In a “load/unload” type of HDD, the sliders are mechanically unloaded from the disks when power is turned off, and then loaded back to the disks when the disks have reached a speed sufficient to generate the air bearing. The loading and unloading is typically done by means of ramps that contact the suspensions when the actuator is moved away from the data regions of the disks. Each slider is thus “parked” off its disk surface with its suspension, or a tap extending from the suspension, supported in a recess of the ramp. Load/unload HDDs provide a benefit in laptop computers because the parking of the sliders on the ramps away from the disk surfaces also provides some resistance to external shocks caused by moving or dropping the computer.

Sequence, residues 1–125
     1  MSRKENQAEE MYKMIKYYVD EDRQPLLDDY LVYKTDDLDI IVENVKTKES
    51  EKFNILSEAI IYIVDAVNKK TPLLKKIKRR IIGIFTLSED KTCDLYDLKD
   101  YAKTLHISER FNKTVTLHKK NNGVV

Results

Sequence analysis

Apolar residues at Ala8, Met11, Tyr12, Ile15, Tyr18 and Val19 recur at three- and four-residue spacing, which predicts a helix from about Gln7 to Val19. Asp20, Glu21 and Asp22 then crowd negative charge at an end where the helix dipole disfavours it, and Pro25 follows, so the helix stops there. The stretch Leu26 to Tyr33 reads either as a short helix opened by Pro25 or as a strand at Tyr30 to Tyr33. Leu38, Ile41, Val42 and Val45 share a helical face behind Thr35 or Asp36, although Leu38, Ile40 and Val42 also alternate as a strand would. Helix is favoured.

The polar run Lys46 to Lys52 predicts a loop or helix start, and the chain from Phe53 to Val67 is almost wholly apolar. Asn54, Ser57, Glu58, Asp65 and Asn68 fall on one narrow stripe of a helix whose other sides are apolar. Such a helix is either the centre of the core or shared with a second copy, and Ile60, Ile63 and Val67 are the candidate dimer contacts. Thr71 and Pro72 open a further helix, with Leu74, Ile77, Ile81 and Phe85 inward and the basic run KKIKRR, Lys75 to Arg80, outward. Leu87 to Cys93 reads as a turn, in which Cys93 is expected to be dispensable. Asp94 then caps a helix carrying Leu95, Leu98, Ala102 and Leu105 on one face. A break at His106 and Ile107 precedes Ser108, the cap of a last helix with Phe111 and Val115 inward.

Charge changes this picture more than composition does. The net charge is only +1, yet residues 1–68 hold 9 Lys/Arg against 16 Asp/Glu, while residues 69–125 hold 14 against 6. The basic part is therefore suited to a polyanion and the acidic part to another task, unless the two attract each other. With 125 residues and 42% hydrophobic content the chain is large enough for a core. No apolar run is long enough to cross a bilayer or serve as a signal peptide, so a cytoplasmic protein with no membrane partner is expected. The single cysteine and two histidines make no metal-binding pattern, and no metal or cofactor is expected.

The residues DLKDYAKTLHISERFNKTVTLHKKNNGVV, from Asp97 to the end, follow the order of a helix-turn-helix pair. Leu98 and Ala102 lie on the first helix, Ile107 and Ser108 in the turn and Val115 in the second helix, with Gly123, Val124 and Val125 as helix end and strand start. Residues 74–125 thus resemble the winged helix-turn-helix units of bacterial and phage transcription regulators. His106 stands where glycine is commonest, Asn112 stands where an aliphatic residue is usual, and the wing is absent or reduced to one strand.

The parking of the sliders on the load/unload ramps when HDD power is removed is typically accomplished by use of the back electromotive force (EMF) generated by the freely rotating spindle motor. When the HDD is powered down, or in the event of unexpected loss of power (an emergency power-off or EPO event), actuator retract circuitry disconnects the VCM from its driver circuitry and connects it to a rectifier circuit that is coupled to the spindle motor. The output of the freely-rotating spindle motor is converted by the rectifier circuit to a DC current supplied to the coil of the VCM. This causes the VCM to retract to move the sliders to the ramps. A significant amount of torque is needed to ensure that the sliders are fully parked on the ramp, regardless of the VCM position or velocity at power down or EPO. The actuator velocity during retract needs to be controlled to avoid the sliders hitting the ramps at high speed. Excessive slider motion can cause the sliders to contact the ramp structure, or perhaps other sliders. Such contact can result in slider damage or transfer of contamination to the air-bearing surface, which can lead to head-disk interface failures.